Alfred the Great is next on the list of kings waiting to be exhumed
First the hunt went for Richard III. Now that the results have shown to be so captivating to the general public, the endeavours elsewhere for universities and local communities to repeat the success are gathering momentum.
At the University of Bristol, scientists are right now working to identify the bones of Cnut the Great (Knútr or Canute) originally laid to rest in Winchester Cathedral. Until now his bones with those of Queen Emma, his son Harthacanute (Hörthaknútr) and other kings have been kept in a series of bone-caskets. Here they were collected after Roundheads ransacked the cathedral during the English Civil War in the 17th century. Her the possibility is to compare DNA with that of Sven Estridsøn (Sveinn Ástríðarson) – his sisters son – who was buried in Roskilde Cathedral in 1074/76. A few years ago his remains were intensively studied and his face reconstructed. Another source for identification would be comparing the DNA of the jumbled skeletons in the bonecaskets with those of Queen Eadgyth 910 -946), wife of Otto of Saxony. Unfortunately extraction of DNA from her remains has sofar not met with success.
Eadgyth – or Editha in German – was the daughter of Edward the Elder and the granddaughter of Alfred the Great (849-899). Hence she is also considered a key to the hopeful future identification of the remains of this king. His remains are believed to lie in a grave in Winchester and a team from Winchester University is reportedly seeking permission to dig up the spot at St Bartholomew’s Church, near the remains of the Hyde Abbey in the Northern part of present Winchester.
During Saxon times, Winchester became the capital of Wessex. King Alfred 871-899) laid out the Saxon street plan, a cross shape street system and built fortifications and was later buried there.Originally he was buried temporarily in the Old Minster in Winchester in order to be moved later to the New Minster, which might have been built especially to receive his body. Later the New Minster moved to Hyde, a little north of the city and in 1110 the monks transferred to Hyde Abbey along with Alfred’s body and those of his wife and children. Soon after the dissolution of the abbey in 1539, during the reign of Henry VIII, the church was demolished, but the graves were left intact. The royal graves were probably rediscovered by chance in 1788 when convicts from a prison nearby were digging in the Governor’s garden. Apparently the coffins were stripped of lead, bones were scattered and lost, and no identifiable remains of Alfred have subsequently been found. Further excavations in 1866 and 1897 were inconclusive. As late as 1999 the Hyde Community Archaeology project carried an extensive excavation at the site of the Abbey in order to study the archaeological remains and find the bones of Alfred; alas with no success. Nevertheless archaeologists apparently wish to have another go.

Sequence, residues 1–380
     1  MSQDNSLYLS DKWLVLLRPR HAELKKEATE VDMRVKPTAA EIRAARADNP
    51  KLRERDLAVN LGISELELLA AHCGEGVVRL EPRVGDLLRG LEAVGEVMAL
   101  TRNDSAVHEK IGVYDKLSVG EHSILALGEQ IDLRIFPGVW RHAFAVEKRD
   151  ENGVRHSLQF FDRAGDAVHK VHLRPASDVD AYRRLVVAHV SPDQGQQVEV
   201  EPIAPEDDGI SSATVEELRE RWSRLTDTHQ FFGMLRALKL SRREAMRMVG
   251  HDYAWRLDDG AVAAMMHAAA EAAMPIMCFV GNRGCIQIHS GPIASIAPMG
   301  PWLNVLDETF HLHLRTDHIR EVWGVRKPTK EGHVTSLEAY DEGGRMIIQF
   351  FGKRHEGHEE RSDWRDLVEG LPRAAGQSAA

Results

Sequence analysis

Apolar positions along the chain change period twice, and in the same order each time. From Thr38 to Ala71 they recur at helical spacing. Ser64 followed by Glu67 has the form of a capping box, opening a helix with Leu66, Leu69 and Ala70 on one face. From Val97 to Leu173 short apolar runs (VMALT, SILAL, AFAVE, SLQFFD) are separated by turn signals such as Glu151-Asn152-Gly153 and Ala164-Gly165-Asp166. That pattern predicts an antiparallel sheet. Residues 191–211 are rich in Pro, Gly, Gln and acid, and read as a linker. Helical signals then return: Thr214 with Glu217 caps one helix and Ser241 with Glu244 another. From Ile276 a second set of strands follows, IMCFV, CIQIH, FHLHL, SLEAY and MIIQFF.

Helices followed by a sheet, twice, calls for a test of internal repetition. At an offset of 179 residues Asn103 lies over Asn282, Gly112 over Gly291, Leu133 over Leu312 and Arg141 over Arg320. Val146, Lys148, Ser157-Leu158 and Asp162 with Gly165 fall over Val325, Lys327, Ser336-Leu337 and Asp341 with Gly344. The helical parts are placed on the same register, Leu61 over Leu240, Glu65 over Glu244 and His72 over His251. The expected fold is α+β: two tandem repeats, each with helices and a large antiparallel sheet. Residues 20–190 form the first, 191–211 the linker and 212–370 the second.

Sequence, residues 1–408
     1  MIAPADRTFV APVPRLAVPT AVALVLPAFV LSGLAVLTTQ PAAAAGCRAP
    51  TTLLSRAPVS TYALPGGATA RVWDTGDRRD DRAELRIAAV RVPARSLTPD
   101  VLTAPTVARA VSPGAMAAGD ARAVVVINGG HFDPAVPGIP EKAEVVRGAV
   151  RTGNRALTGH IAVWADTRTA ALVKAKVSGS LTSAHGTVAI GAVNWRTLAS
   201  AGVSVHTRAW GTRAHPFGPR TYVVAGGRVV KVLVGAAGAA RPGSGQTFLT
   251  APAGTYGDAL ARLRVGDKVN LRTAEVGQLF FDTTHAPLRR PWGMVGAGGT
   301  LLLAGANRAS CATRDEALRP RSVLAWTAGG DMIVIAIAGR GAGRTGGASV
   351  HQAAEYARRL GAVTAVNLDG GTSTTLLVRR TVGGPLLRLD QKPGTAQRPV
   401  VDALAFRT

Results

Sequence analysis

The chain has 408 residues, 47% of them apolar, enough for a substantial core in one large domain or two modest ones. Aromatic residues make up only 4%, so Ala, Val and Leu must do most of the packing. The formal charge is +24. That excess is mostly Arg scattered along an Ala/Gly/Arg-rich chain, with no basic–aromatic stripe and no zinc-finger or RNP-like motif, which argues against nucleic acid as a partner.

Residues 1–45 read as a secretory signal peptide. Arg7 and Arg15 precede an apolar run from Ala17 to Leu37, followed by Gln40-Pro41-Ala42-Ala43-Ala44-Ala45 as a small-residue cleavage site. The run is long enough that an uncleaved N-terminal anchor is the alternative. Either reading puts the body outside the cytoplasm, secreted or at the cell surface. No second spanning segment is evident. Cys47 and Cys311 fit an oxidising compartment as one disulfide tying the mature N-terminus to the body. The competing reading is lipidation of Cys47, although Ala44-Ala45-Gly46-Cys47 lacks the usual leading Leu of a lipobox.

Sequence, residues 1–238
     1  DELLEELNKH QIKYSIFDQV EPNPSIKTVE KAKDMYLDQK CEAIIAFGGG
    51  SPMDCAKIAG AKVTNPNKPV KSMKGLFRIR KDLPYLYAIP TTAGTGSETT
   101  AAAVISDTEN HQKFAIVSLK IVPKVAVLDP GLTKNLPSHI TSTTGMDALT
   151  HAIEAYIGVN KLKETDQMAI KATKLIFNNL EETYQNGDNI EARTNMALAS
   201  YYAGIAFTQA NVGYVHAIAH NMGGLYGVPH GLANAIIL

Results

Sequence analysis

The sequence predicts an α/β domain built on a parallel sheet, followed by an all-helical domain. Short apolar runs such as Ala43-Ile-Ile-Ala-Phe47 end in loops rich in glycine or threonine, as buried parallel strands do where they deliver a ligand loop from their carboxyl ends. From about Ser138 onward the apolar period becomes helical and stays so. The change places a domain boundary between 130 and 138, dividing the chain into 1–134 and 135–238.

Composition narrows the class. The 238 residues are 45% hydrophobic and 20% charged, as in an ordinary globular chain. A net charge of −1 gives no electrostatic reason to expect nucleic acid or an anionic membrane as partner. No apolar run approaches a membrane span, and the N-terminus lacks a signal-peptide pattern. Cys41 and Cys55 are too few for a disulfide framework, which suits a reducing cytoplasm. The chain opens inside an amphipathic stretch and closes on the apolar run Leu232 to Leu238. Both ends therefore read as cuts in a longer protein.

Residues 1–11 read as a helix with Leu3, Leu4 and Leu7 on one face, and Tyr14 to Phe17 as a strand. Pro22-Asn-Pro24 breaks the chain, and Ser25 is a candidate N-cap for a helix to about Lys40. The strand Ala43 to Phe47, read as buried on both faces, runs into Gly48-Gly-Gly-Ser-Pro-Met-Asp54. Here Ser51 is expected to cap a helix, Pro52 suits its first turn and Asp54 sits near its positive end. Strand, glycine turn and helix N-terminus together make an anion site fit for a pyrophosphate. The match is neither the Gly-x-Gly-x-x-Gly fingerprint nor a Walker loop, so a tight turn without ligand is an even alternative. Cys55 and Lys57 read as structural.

Why we bother
Some may wonder why we bother? But this is a question with an easy answer. Unfortunately we cannot time travel and thus take part in bygone events. Neither may we exchange any words with are ancestors or forebears. However, what we are able to under lucky circumstances is recreating the face of persons long dead.
Such cranio-facial reconstruction had its origins in the 19th century. However not before 1964 did Russian scientists use the techniques to recreate historical person. Recently the techniques have developed significantly. Especially with the introduction of 3D computer-models the technique has become more advanced. Today such reconstructions have become part and parcel of the work of curators and museums.
We want to meet them! That’s why…